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15th June 2018


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UK construction sector returned to growth in January

January data signalled a solid expansion of activity in the UK construction sector, with the seasonally adjusted Markit/CIPS Construction Purchasing Managers' Index posting 53.7, up from 49.1 in December. An improvement in weather conditions at the start of the year helped to boost construction work, while there were also gains in new business. Despite rises in both new orders and activity, employment nonetheless fell again.


For the first time since August 2010, all of the three broad UK construction sub-sectors recorded an increase of activity. Civil engineering was the strongest performing category, having seen a slight reduction in activity during December. Commercial based construction activity meanwhile extended its sequence of growth to eleven months. There was a slight increase of house building in January to end a four-month period of contraction.

Companies reported that January's improvement in part reflected a rebound from harsh weather in December, which had contributed to the first fall in activity since February of last year. Looking at the trend in the data over the past two months as a whole, the picture is one of very modest growth, well below the strong pace seen in the first half of last year.

Incoming new business received by UK construction companies increased modestly during January. Panellists commented that increased tender opportunities and contract wins boosted new order volumes. Growth was in part aided by better weather conditions.

In contrast to the rebounds in activity and incoming new business, January data signalled a further reduction in the construction sector workforce. This was the seventh successive month where job cuts have been indicated, although the latest reduction in staffing levels was the smallest for five months.

Sub-contractor usage also declined over the month, falling at the sharpest rate since October 2009. Rates charged by sub-contractors likewise fell, Page 1 of 3 (c) Markit Economics Limited 2011
dropping for the twenty-ninth successive month as firms competed on price for new business.
Input costs faced by construction companies in the UK rose at the fastest rate since May 2010, driven up by higher raw material prices. However, the rate of increase remained well below that seen prior to the onset of the financial crisis in early 2008.

Optimism regarding companies' activity levels in twelve months time rose to an eight month high, and has improved substantially since hitting a low last September. The overall level of optimism nevertheless regained only half of the ground lost compared to the long-run average recorded prior to the financial crisis. Ongoing improvements in general economic conditions and a focus on marketing are expected to boost activity. However, some concerns remained over cuts in public spending.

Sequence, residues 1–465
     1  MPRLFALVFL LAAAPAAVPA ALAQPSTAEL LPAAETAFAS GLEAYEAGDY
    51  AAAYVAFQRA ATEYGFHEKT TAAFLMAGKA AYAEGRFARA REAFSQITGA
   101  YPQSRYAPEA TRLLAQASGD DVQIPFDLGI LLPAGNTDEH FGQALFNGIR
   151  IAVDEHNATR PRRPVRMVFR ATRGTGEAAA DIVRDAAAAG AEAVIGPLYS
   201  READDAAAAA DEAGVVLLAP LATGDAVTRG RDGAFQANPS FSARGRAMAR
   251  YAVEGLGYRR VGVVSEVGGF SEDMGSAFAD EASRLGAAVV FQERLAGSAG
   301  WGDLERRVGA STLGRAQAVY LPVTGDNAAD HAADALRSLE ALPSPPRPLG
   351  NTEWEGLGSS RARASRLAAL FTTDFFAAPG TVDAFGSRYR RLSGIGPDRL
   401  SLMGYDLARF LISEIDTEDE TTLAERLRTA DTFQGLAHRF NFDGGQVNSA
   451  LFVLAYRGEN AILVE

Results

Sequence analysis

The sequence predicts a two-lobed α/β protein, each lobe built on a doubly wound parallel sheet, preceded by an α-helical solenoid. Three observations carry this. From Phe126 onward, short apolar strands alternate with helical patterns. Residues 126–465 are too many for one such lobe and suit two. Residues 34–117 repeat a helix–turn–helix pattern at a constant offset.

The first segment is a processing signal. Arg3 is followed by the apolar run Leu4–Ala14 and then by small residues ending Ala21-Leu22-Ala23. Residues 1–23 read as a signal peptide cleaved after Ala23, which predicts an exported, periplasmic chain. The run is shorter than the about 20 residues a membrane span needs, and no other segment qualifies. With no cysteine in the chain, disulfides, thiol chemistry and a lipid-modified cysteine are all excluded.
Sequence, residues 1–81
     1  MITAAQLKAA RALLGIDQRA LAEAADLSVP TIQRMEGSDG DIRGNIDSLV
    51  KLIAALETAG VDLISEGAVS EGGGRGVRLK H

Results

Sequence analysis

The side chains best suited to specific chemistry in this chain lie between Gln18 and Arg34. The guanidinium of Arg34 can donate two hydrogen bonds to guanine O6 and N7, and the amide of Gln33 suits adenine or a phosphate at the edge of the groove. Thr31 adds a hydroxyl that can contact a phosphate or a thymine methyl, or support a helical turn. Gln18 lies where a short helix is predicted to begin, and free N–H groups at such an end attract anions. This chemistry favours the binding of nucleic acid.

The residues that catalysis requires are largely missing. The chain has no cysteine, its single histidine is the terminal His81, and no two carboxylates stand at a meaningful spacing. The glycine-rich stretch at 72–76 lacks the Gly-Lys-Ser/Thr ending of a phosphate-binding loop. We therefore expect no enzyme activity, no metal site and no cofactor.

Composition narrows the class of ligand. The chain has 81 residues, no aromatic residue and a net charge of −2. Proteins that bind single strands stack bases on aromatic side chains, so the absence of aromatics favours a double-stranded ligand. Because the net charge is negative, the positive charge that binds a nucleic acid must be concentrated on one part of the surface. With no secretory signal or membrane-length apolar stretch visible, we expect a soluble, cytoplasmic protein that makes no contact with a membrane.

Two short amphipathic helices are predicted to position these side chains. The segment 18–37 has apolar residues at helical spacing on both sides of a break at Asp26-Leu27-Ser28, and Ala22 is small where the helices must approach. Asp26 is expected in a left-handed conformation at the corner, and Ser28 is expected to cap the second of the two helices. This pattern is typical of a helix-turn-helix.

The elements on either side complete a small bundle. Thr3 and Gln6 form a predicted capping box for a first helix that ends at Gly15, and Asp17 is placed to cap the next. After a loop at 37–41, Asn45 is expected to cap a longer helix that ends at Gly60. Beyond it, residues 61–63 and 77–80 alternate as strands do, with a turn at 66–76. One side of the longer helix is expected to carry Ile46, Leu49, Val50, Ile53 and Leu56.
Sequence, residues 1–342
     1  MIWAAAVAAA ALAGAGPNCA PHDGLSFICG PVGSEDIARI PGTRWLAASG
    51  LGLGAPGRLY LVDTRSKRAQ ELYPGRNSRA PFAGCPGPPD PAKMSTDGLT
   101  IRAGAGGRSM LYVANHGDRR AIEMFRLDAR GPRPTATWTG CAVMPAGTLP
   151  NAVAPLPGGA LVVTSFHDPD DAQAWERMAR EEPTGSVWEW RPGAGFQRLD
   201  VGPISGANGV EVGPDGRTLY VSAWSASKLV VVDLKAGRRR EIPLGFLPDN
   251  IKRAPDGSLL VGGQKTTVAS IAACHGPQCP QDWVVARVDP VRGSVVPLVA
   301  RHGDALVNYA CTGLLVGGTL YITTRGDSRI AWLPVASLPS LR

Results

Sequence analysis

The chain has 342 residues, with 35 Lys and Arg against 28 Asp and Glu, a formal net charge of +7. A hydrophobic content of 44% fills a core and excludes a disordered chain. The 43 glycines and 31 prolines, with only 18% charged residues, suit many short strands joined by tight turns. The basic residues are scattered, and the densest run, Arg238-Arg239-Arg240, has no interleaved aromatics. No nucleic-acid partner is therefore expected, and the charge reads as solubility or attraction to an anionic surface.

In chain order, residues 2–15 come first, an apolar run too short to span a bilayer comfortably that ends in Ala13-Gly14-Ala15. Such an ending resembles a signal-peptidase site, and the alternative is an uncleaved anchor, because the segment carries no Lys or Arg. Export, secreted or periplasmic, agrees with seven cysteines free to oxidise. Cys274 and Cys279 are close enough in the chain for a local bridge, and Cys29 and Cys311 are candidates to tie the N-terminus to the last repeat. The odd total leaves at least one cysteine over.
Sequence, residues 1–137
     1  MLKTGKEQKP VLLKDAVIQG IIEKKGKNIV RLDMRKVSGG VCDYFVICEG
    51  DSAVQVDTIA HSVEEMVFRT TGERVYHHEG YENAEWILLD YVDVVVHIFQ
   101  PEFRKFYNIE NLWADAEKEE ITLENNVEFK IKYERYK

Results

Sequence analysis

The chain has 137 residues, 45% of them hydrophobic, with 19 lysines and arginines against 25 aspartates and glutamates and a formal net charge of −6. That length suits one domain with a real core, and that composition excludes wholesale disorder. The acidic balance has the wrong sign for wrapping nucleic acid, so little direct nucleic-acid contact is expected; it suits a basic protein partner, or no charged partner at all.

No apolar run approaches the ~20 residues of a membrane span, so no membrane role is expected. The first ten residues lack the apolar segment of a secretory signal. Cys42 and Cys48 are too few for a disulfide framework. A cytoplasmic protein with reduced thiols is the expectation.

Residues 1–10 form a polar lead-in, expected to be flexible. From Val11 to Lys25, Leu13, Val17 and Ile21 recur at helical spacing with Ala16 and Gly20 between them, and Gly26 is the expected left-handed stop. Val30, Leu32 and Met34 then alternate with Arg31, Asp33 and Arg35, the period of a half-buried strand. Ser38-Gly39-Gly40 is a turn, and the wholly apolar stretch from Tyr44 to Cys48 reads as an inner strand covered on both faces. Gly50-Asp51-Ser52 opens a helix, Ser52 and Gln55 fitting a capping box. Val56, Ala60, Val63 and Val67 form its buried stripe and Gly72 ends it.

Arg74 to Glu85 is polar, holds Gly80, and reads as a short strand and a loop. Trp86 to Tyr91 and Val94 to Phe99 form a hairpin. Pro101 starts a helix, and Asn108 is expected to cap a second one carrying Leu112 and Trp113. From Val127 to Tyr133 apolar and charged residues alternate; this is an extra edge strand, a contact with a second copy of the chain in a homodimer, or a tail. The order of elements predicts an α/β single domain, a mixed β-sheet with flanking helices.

"The UK construction sector showed a welcome bounce-back from the snow-related drop in activity late last year," says Chris Williamson, Chief Economist at Markit.

" However, after estimating for the boost to activity in January resulting from the disruption to workflows in December, the underlying growth trend remains only very modest and well below the surging pace seen in the second quarter of last year.

"Looking at the trend in recent months, the housing market seems to be a particular area of weakness, with house building stagnating at best. Civil engineering has seen only very modest growth, leaving commercial activity as the only sector recording any noteworthy expansion, albeit well below that seen last spring.

"The outlook appears to be one of nervous optimism. Confidence over future business prospects was at its strongest in eight months, but this still remained relatively subdued compared to the long-run average. This nervousness about future prospects was highlighted by a disappointing further reduction in employment."

Commenting on the report, David Noble, Chief Executive Officer at the Chartered Institute of Purchasing & Supply, said:

"This is good news for the Government as the construction sector seems to have bounced back, suggesting it was the widespread chaos caused by the snow, that had such an impact and hampered growth in December.

"Despite the growth of activity, an air of caution persists amongst construction companies as employment levels continue to fall. Some companies that are doing well are hiring but many more companies are continuing to adjust to lower workloads and deferral of projects. Until growth becomes sustained it is unlikely we will see employment levels rise substantially and consistently.

"At the moment it is hard to tell what 2011 holds for the sector, even though confidence about future activity has risen, it is still weak and many are pinning their hopes on general economic improvements to make that confidence a reality. Furthermore, the rise in raw material prices as well as the latest VAT hike will add to the worries for the sector. Bearing this in mind we may be looking at another disappointing year with continued uncertainty where hopes are dashed."

T: +44 1780 761576
E: trudy.salandiak@cips.org
W: www.cips.org

4th February 2011

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